For one, Prof. John Yoo, a former White House counsel in the Bush Administration, has been a critic of the ICC and argues, I believe, that only military intervention and not the court can end atrocities. As you point out, the court is not designed to deter crime but to prosecute it. Given that, it does seem that atrocities have abated in some situations as in Kosovo in 1999, when hostilities ceased shortly after the arrest of accused perpetrator Slobodan Milosevic.
It is a misunderstanding of the role of the criminal court that Prof. Yoo posits—that somehow the criminal court is to defeat armies and defeat that passions of power hungry leaders, and that’s the burden of these tribunals. That is not what they are built for. They are criminal courts. In any national system like the United States, there are criminal courts that investigate crimes and bring perpetrators to justice. Does that mean that the criminal courts of the United States have ended crime in our time? No, of course not, but it’s a process you need for some level of justice and not impunity for these crimes.
The better view is to say in ten or twenty or thirty years from now, what will the respect for the rule of law be in Serbia, Bosnia, Croatia, Rwanda, Congo, or Uganda? It’s not the short-term impact of these tribunals on the current generation, the hate-filled sectors of society that are battling it out. We need to bring them to justice because that’s what the rule of law is all about. You can’t argue that they should simply get away with this.
The real deterrent impact is a generational one. If you look at the societies of Germany and Japan today I think you have to conclude that, while they both unleashed World War II on the world, they were subjected to the Nuremberg and Tokyo tribunals, and those tribunals left a lasting legacy on those societies. It was not popular at the time but I think later generations have benefitted enormously from the fact that those tribunals were convened and actually brought leaders to justice. That’s the same kind of impact that you’ll see with these tribunals.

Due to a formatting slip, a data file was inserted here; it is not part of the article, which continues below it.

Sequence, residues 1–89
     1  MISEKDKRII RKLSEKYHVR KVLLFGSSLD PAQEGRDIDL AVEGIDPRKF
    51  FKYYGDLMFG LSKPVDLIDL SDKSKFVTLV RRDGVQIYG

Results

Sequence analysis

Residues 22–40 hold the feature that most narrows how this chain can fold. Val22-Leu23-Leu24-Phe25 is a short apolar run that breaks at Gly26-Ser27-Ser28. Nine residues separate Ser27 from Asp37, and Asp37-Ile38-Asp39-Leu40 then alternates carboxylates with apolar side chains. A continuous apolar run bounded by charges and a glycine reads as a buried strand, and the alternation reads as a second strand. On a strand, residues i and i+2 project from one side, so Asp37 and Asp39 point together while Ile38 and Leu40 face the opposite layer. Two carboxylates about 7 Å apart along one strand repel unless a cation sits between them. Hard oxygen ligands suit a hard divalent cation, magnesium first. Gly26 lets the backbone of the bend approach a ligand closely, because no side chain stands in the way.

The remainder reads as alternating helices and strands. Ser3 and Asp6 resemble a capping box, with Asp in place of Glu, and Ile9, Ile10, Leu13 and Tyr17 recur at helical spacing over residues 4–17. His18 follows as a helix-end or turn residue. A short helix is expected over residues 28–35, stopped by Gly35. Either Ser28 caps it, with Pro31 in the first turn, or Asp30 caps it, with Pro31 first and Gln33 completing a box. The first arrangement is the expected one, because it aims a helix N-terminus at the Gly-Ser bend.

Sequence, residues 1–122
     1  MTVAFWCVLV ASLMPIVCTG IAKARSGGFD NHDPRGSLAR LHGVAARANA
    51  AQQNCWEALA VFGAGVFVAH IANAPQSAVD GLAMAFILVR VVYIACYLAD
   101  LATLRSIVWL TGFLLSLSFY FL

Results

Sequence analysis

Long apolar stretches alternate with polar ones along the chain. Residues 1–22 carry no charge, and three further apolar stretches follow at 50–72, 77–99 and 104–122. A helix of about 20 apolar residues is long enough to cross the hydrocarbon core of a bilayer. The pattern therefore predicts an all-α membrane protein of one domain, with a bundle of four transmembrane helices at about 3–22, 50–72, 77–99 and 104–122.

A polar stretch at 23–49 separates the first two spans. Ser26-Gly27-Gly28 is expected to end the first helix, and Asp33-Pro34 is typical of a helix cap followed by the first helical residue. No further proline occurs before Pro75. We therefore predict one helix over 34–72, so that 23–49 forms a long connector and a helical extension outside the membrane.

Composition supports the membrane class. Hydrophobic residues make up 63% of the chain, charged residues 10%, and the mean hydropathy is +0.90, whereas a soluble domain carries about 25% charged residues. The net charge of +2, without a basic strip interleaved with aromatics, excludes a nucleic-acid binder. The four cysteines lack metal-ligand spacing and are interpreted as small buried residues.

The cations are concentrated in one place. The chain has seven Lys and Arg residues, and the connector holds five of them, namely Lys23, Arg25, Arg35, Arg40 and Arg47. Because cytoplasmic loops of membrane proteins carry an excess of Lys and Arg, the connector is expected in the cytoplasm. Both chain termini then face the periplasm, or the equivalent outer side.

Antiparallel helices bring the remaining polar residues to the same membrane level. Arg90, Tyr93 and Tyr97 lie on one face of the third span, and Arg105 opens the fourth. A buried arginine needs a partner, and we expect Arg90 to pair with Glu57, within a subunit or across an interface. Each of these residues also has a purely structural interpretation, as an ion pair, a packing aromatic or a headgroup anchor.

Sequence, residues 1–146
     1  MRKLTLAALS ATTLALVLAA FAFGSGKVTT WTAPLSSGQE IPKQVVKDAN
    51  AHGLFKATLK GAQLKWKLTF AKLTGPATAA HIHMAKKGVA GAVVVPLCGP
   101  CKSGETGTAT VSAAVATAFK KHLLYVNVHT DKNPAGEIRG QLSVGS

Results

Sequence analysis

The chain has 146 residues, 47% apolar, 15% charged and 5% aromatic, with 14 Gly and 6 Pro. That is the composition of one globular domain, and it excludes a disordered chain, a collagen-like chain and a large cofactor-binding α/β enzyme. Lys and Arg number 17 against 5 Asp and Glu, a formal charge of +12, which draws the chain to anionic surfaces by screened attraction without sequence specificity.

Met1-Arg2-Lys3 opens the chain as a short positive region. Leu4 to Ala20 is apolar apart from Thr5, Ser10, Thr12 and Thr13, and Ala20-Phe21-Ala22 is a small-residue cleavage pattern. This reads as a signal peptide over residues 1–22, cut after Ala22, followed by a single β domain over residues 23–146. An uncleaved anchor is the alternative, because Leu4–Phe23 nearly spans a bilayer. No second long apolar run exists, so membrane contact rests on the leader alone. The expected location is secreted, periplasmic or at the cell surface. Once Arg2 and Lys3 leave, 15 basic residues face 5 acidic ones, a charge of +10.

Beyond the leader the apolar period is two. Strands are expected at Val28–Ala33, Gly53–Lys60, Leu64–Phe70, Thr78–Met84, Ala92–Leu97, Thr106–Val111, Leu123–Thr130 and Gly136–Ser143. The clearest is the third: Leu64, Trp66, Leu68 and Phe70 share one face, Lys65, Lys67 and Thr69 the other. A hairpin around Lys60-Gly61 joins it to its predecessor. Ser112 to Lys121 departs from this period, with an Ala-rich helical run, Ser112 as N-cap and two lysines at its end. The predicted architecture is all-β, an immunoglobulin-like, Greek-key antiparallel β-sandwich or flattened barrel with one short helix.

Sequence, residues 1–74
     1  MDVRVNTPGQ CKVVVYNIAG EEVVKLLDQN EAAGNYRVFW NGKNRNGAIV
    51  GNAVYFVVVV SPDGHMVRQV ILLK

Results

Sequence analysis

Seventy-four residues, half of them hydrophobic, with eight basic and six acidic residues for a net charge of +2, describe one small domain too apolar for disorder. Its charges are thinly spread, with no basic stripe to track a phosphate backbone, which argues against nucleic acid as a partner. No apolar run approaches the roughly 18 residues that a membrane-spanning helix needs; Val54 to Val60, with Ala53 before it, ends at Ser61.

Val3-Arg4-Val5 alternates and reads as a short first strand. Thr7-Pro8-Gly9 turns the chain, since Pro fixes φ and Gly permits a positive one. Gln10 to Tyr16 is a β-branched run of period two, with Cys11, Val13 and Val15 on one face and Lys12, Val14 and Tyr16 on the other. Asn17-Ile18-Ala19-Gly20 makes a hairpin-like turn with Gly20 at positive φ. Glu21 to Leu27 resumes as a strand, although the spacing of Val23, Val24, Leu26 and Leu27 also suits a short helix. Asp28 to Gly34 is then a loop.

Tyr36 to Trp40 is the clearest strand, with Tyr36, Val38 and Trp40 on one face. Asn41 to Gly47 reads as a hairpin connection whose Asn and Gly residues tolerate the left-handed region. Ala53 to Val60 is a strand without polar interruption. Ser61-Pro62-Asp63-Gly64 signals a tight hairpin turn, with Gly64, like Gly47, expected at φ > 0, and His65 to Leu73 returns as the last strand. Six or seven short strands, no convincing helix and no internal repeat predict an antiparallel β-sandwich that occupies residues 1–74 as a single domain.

There’s also recent academic work demonstrating that, over the last thirty years, in societies where there have been human rights prosecutions at the national level or at the international level through these tribunals, you see empirically a diminishment of human rights abuses in those societies and even in neighboring societies. So the empirical work demonstrates that, over the long term, there can be a significant impact on the protection of human rights in these societies, but it’s not an instant one.
I strongly disagree with Prof. Yoo’s analysis that somehow we operate under the assumption that building these tribunals is the magical formula for defeating terrorism. He tries to defend his own conduct by using this argument as a straw man, saying there has to be a military response—these tribunals don’t get the work done. It’s a total misunderstanding of what this process is all about.
Robin Lindley is a Seattle writer and attorney. He contributes to the History News Network, Crosscut, Real Change and other publications on history, law, politics, the media, medicine, the arts and other topics. He is a former chair of the World Peace through Law Section of the Washington State Bar Association and has worked as an attorney for federal agencies and a congressional investigating committee.